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A very very simple system for managing a list of processes which need to be started/stopped/restarted within a Ruby application.

It works by defining a Procfile in the root of your application and then using the procman command to either start, stop or restart your application as a whole.

The Procfile is a Ruby file which you can use to define how to manipulate your processes.

Setting up

If you're using Bundler (you should be) and wish to use procman, just include it within your Gemfile and run bundle to install it.

gem 'procman'

Gem Version

Once installed, you can execute commands as shown below but you should prefix bundle exec to the start of the command.

Creating your initial Procfile

The command line tool allows you to create an example Procfile with a simple command. This will create a Procfile in the root of the directory you are currently within. You can then open this template and make changes as appropriate for your applications.

$ procman init

Example Procfile

Your Procfile can contain multiple types of process and each process should define an action which should be carried out for starting, stopping & restarting that process.

In this example, we have demonstrated two processes a unicorn web server and a worker process powered by our Ruby backgrounding system, rbg.

process :unicorn do

  start do
    system("umask 002 && bundle exec unicorn_rails -E #{environment} -c #{root}/config/unicorn.rb -D")

  stop do
    system("kill `cat #{root}/tmp/pids/unicorn.#{environment}.pid`")

  restart { stop and start }


process :worker do

  constraint :environment => 'production', :host => /\.production\.myapp\z/
  constraint :environment => 'development', :host => /\.local\z/

  start do
    system("bundle exec rbg start -c #{root}/config/processes/worker.rb -E #{environment}")

  stop do
    system("bundle exec rbg stop -c #{root}/config/processes/worker.rb -E #{environment}")

  restart do
    system("bundle exec rbg reload -c #{root}/config/processes/worker.rb -E #{environment}")


Specifying constraints

If you only want certain processes to execute under certain environments or on specific hosts, you can use constraints to restrict these.

You can specify any number of constraints for a process as shown below. If no constraints are defined for a specific process, it will always be included when your action is executed. If a constraint is added, the process's action will only be invoked when at least one of the constraints is matched otherwise it will be skipped.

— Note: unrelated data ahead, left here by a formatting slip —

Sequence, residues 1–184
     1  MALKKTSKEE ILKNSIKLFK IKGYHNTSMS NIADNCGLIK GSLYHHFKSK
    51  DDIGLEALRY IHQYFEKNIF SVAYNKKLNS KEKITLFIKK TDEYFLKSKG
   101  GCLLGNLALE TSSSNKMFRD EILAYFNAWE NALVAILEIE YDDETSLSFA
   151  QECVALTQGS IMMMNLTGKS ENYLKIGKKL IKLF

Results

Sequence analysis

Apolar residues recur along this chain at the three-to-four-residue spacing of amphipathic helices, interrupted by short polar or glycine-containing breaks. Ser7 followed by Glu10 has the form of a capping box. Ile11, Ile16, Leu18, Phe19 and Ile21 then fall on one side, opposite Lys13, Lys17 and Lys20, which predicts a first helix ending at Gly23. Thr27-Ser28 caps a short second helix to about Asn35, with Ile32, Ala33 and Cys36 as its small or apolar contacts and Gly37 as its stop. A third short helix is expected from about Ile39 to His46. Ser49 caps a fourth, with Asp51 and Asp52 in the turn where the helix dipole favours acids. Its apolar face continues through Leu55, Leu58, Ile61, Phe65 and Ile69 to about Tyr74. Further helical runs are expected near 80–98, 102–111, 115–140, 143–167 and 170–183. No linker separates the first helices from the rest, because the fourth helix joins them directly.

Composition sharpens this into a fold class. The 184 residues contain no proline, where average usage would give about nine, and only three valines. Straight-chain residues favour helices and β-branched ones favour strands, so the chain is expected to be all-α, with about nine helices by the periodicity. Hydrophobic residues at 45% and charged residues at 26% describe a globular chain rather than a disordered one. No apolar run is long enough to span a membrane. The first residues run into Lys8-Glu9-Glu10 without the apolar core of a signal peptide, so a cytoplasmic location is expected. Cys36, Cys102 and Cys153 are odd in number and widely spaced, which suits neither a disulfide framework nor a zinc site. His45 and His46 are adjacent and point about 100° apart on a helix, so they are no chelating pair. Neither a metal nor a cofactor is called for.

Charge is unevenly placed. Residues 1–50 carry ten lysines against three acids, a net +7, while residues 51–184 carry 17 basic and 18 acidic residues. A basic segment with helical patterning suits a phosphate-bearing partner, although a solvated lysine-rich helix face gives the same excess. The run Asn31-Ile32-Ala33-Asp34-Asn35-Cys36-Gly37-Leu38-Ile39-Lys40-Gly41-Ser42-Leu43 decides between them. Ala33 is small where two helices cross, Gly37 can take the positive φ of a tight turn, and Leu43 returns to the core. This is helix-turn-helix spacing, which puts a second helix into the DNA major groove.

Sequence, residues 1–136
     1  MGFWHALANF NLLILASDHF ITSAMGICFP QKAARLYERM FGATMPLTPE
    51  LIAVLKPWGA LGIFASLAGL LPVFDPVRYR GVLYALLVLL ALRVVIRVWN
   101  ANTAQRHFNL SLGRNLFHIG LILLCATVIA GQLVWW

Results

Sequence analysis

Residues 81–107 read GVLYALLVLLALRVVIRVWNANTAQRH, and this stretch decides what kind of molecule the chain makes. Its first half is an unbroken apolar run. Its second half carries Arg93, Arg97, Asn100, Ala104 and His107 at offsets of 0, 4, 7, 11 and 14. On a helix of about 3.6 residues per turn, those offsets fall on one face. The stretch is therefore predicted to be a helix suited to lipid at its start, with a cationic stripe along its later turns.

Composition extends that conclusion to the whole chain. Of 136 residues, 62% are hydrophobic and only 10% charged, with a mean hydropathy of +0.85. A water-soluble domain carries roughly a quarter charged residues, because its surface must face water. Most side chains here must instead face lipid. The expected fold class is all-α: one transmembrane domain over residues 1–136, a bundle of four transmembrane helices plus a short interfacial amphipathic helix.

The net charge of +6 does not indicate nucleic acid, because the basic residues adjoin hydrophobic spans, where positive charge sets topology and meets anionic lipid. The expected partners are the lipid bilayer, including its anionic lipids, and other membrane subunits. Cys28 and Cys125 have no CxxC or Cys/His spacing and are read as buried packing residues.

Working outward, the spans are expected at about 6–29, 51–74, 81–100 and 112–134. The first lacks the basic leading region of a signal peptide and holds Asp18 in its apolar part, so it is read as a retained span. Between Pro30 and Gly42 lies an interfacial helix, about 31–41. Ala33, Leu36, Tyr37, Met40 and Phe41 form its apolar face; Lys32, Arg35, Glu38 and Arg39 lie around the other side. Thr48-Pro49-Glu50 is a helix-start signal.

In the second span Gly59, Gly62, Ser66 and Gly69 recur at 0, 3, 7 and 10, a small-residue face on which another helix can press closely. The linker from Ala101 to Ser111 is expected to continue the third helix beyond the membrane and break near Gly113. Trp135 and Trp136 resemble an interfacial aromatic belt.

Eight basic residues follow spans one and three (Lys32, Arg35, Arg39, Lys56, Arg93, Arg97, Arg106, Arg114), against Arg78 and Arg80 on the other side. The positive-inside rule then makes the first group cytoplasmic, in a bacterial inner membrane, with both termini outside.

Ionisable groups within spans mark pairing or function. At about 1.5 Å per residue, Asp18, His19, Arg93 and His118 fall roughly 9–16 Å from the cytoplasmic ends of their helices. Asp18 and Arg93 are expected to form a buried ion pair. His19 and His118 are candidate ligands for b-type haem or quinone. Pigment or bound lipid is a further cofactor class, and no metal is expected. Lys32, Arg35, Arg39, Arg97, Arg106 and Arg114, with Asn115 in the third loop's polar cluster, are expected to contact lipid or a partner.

Constraints are configured by adding constraint "rules" to your process definitions.

# execute always in production
constraint :environment => 'production'
# execute on hosts where the hostname ends in .local
constraint :host => /\.local\z/
# execute in prodution and where the hostname is 'app01'
constraint :environment => 'production', :host => 'app01'
# only execute if process explicity set using --processes
constraint :manual => true

Executing process commands

Once you have a Procfile, you can execute commands by sending them to the procman command on your system. If you have installed procman within bundler, you can execute the command using bundle exec procman.

  • procman start - start your processes
  • procman stop - stop your processes
  • procman restart - restart your processes

In fact, you can define any actions you wish. You do not need to be constrained by start, stop & restart. If you executed procman jump, it would call the jump method for each process within your Procfile. There are various action names which are reserved, including: name, options, environment, host, root and constraint.

Also, You can pass options to these methods to add extra functionality.

  • -e - allows you specify the environment which is provided as the environment variable in your methods.
  • --processes - allows you to specify which processes (comma separated) should be executed in the action.

Some examples of how to execute these options:

$ procman start -e production
$ procman start -e production --processes worker
$ procman start --processes worker,unicorn

Executing on deployment

You can use the included Capistrano recipe to automatically run your procman start/stop/restart commands whenever you deploy. Just require the deploy recipes in your Capfile.

require 'proc_man/capistrano'

If you're using Capistrano 3 require procman/capistrano3 instead.

This requires that you are using bundler and the procman gem has been included in your Gemfile.

If you'd like to start/stop/restart your processes using capistrano you can issue the following command. Optionally set -s processes=worker to restart only your worker process.

cap procman:restart -s processes=worker


A very simple process manager for Ruby apps







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